Sleepwalking is a sleep disorder and falls under the category of parasomnia. Parasomnia causes the person to show abnormal behaviors while sleeping. Commonly, sleepwalkers get up while still asleep and engage in activities like walking, hence the name. In scientific terms, sleepwalking is also known as somnambulism. 

Children mostly display this condition, which gradually disappears on reaching the teenage phase. However, some adults may still continue to experience sleepwalking. You can also develop this sleep disorder at any point in time. There are a number of factors that may cause sleepwalking in adults and younger children.

Many may worry when they or someone dear to them develop this sleep behavior. Keep on reading to know all about this type of parasomnia, why it occurs, and how to deal with it?

What is Sleepwalking?

A person with this disorder may not necessarily walk and can do harmless to harmful activities like driving a car. While sleepwalking, the person is not aware of the activities. Some even keep their eyes open but cannot truly see since they are still asleep. Sleepwalkers cannot usually remember any of their unusual activities.

Sleeping makes us feel fresh and energetic. But do you know that our sleep has several stages? There are in total five stages of sleep but are mainly divided into two categories – NREM (Non-Rapid Eye Movement) and REM (Rapid Eye Movement) sleep. 

The five stages of sleep are:


-light sleep

-transitional phase

-deep sleep

-REM sleep 

Now, sleepwalking occurs during the deep sleep stage of NREM sleep. But it can occur during the initial stages of sleep as well. Since it occurs in the initial stage, sleepwalking occurs within 90 minutes of sleep. A sleepwalking episode usually lasts a maximum of 30 minutes.

Signs and Symptoms of Sleepwalking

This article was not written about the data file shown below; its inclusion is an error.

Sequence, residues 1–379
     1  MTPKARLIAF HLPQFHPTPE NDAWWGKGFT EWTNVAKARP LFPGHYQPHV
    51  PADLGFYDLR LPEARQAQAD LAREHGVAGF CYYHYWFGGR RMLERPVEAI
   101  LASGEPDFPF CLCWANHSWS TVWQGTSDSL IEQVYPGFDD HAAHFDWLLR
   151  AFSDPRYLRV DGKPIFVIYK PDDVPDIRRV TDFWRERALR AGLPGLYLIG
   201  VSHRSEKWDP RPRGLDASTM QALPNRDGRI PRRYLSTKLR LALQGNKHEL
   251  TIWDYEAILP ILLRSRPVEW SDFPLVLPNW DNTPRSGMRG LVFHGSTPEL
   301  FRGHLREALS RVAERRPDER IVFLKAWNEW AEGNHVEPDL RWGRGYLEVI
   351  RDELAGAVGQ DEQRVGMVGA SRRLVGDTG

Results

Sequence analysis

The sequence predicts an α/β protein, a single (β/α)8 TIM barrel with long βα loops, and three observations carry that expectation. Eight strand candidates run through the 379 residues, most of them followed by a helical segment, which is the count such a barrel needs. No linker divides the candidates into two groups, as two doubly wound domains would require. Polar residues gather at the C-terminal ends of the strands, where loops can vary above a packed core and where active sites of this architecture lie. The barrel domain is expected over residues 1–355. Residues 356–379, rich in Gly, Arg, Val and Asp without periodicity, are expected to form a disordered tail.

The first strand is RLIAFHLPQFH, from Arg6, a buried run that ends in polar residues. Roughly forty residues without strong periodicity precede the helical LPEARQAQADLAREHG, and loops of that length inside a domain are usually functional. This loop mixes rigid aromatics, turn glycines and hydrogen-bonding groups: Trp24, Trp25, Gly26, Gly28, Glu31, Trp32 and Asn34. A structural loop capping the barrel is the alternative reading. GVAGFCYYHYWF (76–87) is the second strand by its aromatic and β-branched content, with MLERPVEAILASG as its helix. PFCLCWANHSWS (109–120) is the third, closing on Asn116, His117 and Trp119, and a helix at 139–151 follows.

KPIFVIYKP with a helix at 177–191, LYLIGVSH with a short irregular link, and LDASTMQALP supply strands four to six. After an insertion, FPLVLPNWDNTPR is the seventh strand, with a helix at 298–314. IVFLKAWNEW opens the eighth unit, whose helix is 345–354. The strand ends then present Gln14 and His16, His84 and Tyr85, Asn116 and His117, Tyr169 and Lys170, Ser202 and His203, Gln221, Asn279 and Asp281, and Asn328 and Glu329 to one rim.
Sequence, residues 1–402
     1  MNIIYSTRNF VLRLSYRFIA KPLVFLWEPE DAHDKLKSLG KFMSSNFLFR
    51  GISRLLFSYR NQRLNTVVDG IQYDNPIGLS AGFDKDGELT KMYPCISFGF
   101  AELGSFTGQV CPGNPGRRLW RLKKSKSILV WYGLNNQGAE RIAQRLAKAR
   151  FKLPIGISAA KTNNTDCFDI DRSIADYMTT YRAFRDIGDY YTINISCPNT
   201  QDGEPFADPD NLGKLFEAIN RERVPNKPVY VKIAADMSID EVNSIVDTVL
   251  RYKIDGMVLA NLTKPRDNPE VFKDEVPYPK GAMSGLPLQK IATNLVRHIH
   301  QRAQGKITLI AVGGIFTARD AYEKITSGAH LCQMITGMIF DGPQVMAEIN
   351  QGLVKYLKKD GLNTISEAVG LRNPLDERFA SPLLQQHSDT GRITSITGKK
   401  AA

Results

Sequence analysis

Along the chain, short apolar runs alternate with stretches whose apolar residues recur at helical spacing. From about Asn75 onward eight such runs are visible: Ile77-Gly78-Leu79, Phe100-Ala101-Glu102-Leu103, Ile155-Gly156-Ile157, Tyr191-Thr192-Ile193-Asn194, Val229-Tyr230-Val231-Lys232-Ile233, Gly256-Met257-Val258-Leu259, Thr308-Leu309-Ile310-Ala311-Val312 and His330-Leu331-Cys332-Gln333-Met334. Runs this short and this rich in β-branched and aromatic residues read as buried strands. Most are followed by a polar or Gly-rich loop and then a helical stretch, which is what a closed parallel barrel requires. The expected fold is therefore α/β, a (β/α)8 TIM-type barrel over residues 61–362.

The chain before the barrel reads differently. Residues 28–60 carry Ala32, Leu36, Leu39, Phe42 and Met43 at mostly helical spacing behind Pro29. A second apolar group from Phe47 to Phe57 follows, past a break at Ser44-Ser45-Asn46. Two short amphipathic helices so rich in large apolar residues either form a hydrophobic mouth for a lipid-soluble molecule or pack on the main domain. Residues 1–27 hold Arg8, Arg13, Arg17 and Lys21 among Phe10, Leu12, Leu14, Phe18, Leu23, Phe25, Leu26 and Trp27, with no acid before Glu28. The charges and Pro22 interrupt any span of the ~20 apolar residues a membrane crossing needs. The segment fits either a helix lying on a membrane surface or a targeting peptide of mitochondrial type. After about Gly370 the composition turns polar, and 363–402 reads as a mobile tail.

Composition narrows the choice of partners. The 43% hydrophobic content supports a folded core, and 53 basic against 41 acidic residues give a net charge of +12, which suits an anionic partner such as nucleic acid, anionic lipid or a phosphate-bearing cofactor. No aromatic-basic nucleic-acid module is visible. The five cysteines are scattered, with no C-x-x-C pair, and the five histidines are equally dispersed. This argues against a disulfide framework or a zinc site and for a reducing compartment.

Sleepwalking involves a number of activities, apart from walking, that may or may not be dangerous. Commonly these are the symptoms of sleepwalking:

  • Sits up straight on the bed still asleep, may sometimes involve sleep talking.
  • Wonders around the house or can even leave the house.
  • Eyes may remain wide open or closed.
  • Remains unresponsive when called out, or touched.
  • Does not recall the previous night’s episode.
  • Carry out daily activities while sleepwalking.

Some more unusual symptoms of sleepwalking:

  • Displaying inappropriate behavior like urinating anywhere
  • Driving a vehicle to quite a distance
  • Screaming out loud
  • Assaulting other people

What are the causes of Sleepwalking?

Not everyone we know has this particular sleepwalking disorder, so what causes this behavior to form? Experts say factors such as the surrounding environment, psychological, and genetics play an undeniable role in this regard. 

Sleepwalking occurs only when one goes to sleep at night and not during the daytime. Why? During the daytime, our nap time duration is usually less, hence the chances of sleepwalking in the daytime is less.

Genetics and Sleepwalking

Usually, young children who deal with sleepwalking inherit the condition when either or both of their parents had the same sleep disorder at some point. 

Psychological and surrounding environment as a factor 

The mental and external factors play an important role here. 

  • Extreme stress and anxiety are our enemy. These two factors can create a long list of health issues for us. One of them is the development of sleepwalking. Moreover, if you stay in a stressful environment 24×7 where you can never have peace of mind, sleep disorders like sleepwalking will appear.